The Stream, April 19: In Drought, Indian State Bans New Wells in Tech Hub
The Global Rundown
Because of declining groundwater levels, no new wells for six months in India’s tech hub of Hyderabad, say state authorities. Concerned about water shortages, South Africa’s electric power utility will install a small groundwater desalination plant at a nuclear power station near Cape Town while city officials consider their own desalination facility as reservoir levels decline. The New York state budget includes $US 2.5 billion for water infrastructure. California officials approve a $US 275 contract to repair the damaged spillways at Oroville Dam while a university report identifies the spillway’s weak spot. A sugary drinks tax in Berkeley, California, slashed soda sales while lifting bottled water purchases.
“Clean water is a bipartisan issue. This is an area where there are not Republicans, and there are no Democrats. We all like clean water coming into our house.” — Assemblyman Sean M. Ryan, a Democrat in the New York Legislature, talking about a $US 2.5 billion water infrastructure bill that was included in the state’s 2017-18 budget. Some 40 percent of the funds go toward repairing drinking water and sewer systems, but money is also earmarked for protecting source waters, installing green infrastructure, and upgrading septic systems. (Buffalo News)
By The Numbers
$US 275 million: Winning bid for the contract to repair the damaged spillways at California’s Oroville Dam. Kiewit Corporation, the Omaha, Nebraska, company that won the contract, will begin construction in May or June. Sacramento Bee
In context: Aging dams are a hazard across the United States.
Science, Studies, And Reports
Bottled water sales in Berkeley, California, increased by 15 percent while sales of sodas and related beverages declined nearly 10 percent in the year following a city sales tax on sugar-added drinks, according to a study from the University of North Carolina and the Public Health Institute. The one-cent-per-ounce tax went into effect on March 1, 2015. PLOS Medicine
“The spillway failed at its weakest point,” says a retired University of California, Berkeley civil engineering professor in a report on the spillway damage at Oroville Dam. Robert Bea studied dam design drawings, inspection reports, and spillway photos, eventually pinpointing a clay drainage pipe embedded in the spillway as the weak point. The pipe did not have enough concrete covering it to hold fast against the force of the reservoir releases. A study ordered by federal regulators is also in progress. Los Angeles Times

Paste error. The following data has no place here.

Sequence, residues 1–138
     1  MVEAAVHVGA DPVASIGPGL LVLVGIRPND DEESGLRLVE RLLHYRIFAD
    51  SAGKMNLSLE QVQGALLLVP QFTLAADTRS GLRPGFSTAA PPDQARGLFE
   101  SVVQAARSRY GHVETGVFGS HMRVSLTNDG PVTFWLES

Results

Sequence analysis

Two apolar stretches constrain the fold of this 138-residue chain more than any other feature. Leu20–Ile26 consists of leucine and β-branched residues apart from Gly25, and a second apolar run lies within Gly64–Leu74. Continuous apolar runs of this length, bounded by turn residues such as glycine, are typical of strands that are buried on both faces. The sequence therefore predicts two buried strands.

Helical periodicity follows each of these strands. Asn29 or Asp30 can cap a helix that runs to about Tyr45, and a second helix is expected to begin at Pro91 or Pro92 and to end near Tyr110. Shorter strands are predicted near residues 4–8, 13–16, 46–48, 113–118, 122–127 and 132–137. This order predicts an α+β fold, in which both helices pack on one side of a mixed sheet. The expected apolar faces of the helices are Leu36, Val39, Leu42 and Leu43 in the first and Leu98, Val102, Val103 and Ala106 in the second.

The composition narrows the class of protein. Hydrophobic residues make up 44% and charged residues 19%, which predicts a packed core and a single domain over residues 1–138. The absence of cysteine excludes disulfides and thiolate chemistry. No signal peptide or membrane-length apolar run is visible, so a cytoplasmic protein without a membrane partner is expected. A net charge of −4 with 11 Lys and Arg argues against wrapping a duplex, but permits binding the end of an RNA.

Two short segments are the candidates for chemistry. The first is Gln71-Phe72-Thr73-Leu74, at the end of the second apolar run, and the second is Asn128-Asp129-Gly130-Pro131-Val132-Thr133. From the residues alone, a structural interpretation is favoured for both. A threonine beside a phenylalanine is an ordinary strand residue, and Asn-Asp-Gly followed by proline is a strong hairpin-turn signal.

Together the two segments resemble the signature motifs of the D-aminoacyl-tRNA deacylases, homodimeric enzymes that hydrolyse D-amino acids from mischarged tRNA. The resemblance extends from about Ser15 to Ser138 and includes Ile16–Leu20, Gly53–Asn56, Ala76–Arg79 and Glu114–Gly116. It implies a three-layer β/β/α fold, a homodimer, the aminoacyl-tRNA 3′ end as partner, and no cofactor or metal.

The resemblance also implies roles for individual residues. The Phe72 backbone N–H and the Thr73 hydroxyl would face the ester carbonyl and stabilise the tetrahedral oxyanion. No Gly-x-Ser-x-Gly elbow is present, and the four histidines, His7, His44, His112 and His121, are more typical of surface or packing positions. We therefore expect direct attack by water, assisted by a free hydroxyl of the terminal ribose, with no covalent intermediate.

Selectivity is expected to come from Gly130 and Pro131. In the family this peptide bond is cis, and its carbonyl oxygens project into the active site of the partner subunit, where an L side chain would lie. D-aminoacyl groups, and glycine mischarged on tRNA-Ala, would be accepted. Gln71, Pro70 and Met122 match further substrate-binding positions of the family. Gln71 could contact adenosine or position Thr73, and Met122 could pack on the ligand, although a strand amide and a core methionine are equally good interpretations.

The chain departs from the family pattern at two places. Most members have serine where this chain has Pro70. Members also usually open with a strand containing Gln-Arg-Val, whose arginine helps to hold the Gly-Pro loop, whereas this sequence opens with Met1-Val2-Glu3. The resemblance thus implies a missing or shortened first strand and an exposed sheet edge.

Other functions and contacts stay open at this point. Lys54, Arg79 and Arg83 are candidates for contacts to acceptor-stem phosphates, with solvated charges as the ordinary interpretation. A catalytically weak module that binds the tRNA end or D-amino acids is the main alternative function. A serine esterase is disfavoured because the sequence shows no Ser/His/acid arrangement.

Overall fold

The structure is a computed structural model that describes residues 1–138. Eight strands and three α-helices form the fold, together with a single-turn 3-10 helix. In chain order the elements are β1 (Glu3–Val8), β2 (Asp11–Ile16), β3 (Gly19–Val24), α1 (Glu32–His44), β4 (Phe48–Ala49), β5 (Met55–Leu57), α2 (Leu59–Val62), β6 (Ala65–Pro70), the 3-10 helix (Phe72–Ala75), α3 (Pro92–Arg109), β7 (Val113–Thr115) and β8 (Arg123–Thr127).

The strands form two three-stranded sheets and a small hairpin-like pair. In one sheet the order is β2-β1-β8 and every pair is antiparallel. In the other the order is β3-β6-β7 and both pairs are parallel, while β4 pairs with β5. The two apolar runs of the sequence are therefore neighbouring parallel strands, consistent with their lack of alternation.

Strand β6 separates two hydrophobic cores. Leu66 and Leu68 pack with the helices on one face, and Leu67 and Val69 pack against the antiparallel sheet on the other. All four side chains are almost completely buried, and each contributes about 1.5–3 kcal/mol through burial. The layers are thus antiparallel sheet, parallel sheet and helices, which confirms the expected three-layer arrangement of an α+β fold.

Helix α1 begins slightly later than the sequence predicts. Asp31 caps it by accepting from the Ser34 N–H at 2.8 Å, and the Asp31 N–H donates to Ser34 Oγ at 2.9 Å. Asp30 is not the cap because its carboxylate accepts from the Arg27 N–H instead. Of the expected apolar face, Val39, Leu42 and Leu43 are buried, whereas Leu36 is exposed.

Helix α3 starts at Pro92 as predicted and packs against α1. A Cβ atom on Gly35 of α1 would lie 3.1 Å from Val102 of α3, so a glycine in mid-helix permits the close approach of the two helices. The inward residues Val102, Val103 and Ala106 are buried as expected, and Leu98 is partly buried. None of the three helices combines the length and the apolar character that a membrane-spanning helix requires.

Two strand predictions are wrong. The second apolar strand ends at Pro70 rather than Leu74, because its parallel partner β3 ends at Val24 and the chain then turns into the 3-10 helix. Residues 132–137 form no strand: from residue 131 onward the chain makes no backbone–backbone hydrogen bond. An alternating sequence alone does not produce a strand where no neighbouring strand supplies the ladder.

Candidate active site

On The Radar
Authorities in the Indian state of Telangana issued a six-month ban on new wells in Hyderabad, the capital and a tech industry hub. Earlier in the month, authorities prohibited new wells in more than 1,000 villages. Critics say that the bans are frequently flouted, with no penalty. Times of India
Eskom, South Africa’s primary electric power utility, says that it will build a small groundwater desalination plant at a nuclear power station located some 30 kilometers northwest of Cape Town, where water shortages are a concern. The desalinated water would be used for power station operations, according to the plant manager. Koeberg is the only commercial nuclear power station in Africa. News 24
Meanwhile, Cape Town officials, spooked by low reservoirs that have less than 100 days of water supplies, are studying plans for a large municipal desalination facility at the nuclear plant. News 24
In context: Drought in South Africa is an immense challenge for energy and food production.
Brett writes about agriculture, energy, infrastructure, and the politics and economics of water in the United States. He also writes the Federal Water Tap, Circle of Blue’s weekly digest of U.S. government water news. He is the winner of two Society of Environmental Journalists reporting awards, one of the top honors in American environmental journalism: first place for explanatory reporting for a series on septic system pollution in the United States(2016) and third place for beat reporting in a small market (2014). He received the Sierra Club’s Distinguished Service Award in 2018. Brett lives in Seattle, where he hikes the mountains and bakes pies. Contact Brett Walton